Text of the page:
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European Journal of Physical and Rehabilitation Medicine 2019 August;55(4):456-62

DOI: 10.23736/S1973-9087.18.05368-6

Copyright © 2018 EDIZIONI MINERVA MEDICA

language: English

Self-selected speed gait training in Parkinson’s disease: robot-assisted gait training with virtual reality versus gait training on the ground

Cira FUNDARÒ 1 , Roberto MAESTRI 2, Giorgio FERRIERO 3, Pierluigi CHIMENTO 1, Giovanni TAVEGGIA 4, 5, 6, Roberto CASALE 4, 5, 6

1 Unit of Neuropathophysiology, Maugeri Scientific Institutes for Research and Care, Pavia, Italy; 2 Department of Biomedical Engineering, Maugeri Scientific Institutes for Research and Care, Pavia, Italy; 3 Unit of Neurorehabilitation, Maugeri Scientific Institutes for Research and Care, Pavia, Italy; 4 Unit of Neurorehabilitation, Habilita Care and Research Rehabilitation Hospitals, Zingonia di Ciserano, Bergamo, Italy; 5 Department of Advanced Technology Rehabilitation, Habilita Care and Research Rehabilitation Hospitals, Zingonia di Ciserano, Bergamo, Italy; 6 Unit of Pain Rehabilitation, Habilita Care and Research Rehabilitation Hospitals, Zingonia di Ciserano, Bergamo, Italy



BACKGROUND: Parkinson’s disease (PD) is a neurodegenerative disorder causing progressive gait disability. Although robot-assisted gait training (RAGT) using the Lokomat device has been demonstrated to improve gait in PD, it is not clear what the best training settings are, in particular if a self-selected treadmill speed can give better results.
AIM: The aims of this study were: 1) to evaluate if self-selected speed training using Lokomat plus virtual reality (VR) can give better results compared to self-selected speed overground training; 2) to assess the possible influence of VR on patients’ gait speed in the Lokomat group.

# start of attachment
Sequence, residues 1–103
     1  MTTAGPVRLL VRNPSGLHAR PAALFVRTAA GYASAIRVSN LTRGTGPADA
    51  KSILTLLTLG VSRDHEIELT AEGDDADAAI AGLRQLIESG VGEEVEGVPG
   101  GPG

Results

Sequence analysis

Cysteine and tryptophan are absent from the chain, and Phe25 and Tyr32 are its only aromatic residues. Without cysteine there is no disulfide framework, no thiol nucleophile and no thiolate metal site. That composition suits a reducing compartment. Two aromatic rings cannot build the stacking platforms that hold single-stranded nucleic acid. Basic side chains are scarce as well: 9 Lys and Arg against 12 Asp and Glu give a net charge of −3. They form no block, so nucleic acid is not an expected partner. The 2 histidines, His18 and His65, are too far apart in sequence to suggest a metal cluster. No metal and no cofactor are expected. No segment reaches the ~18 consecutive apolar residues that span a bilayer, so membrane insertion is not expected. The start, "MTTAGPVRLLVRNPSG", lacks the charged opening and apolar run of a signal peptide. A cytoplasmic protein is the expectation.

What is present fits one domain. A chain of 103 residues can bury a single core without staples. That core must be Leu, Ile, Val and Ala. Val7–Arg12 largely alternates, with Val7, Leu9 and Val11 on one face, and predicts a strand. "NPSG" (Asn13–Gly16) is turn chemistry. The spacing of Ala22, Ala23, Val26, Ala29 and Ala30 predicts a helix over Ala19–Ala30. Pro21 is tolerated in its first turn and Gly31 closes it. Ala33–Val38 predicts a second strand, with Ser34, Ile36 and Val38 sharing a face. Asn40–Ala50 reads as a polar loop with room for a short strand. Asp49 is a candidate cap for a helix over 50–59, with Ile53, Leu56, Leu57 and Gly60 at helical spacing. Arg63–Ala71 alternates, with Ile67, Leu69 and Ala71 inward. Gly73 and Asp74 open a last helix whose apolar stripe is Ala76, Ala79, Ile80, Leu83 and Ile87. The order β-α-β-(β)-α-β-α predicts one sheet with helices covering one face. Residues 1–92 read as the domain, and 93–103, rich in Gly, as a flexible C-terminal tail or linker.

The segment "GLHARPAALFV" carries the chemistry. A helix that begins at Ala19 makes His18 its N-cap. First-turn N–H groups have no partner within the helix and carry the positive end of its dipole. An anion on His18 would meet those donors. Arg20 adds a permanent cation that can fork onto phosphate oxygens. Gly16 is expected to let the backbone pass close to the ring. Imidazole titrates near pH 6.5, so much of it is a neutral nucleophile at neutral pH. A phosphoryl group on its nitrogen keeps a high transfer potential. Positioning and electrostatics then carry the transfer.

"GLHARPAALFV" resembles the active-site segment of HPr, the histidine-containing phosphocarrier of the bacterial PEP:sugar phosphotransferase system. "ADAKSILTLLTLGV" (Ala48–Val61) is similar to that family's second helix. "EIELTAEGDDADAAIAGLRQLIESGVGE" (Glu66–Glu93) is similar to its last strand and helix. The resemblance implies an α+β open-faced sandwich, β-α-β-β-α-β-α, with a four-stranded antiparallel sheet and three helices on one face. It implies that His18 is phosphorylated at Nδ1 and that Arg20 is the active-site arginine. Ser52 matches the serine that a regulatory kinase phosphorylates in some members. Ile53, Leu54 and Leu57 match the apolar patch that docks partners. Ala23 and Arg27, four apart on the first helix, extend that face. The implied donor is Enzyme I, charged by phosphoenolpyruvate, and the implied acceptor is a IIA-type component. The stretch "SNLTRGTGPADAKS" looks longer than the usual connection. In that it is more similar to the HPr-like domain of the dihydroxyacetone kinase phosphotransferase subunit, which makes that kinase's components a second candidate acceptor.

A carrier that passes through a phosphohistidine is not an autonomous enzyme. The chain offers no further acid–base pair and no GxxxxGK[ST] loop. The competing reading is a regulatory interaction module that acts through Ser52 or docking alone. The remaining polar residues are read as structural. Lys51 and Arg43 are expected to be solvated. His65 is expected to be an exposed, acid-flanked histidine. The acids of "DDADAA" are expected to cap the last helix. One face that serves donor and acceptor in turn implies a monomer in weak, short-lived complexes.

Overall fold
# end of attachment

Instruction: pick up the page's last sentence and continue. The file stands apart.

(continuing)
DESIGN: Retrospective analysis.
POPULATION: Patients with idiopathic PD (N.=20), aged 18-90 years, Hoehn & Yahr 2-3, Mini Mental State Examination (MMSE) ≥24, unchanged therapy, and without freezing episodes, dyskinesia, and neurological, orthopedic, cardiac, respiratory or severe visual impairments, who underwent four weeks of gait training (five 30-minute sessions/week): ten with Lokomat (Group 1) and ten without (Group 2).
SETTING: Rehabilitation hospital; inpatients.
METHODS: Group 1: Lokomat parameters: body weight support fixed at 30%, guidance force set at 80% bilaterally. Treadmill speed was self-selected by each patient, and subsequently modified on patient request. VR scenery was applied. Group 2: self-selected speed gait training on the ground. Both groups were assessed pre- and post-training with the Unified Parkinson’s Disease Rating Scale (UPDRS), Functional Independence Measure (FIM) scale, and the 10-metre walking test (10-MWT). For group 1, a VR score was evaluated.
RESULTS: All patients showed significant post-training improvement in UPDRS and FIM scores, with a significantly better improvement in Group 1 for total UPDRS (P=0.037). Velocity at 10-MWT significantly improved after rehabilitation in Group 2 (P=0.002). Lokomat treadmill speed and VR score both improved significantly after rehabilitation, but without any association (P=0.48), while a significant inverse relationship (P=0.014) was observed between the changes in 10-MWT and in treadmill speed.
CONCLUSIONS: Self-selected speed Lokomat training in PD patients can provide clinical enhancements but is not superior to self-selected speed overground gait training; the influence of VR on motor performance seems to be related to non-motor aspects.
CLINICAL REHABILITATION IMPACT: Regarding self-selected speed gait training, there seems to be no difference between RAGT and conventional overground gait training. Other parameter settings for RAGT need to be carefully investigated for a tailored use of RAGT in PD.


KEY WORDS: Parkinson disease; Walking speed; Neurologic gait disorders; Virtual reality

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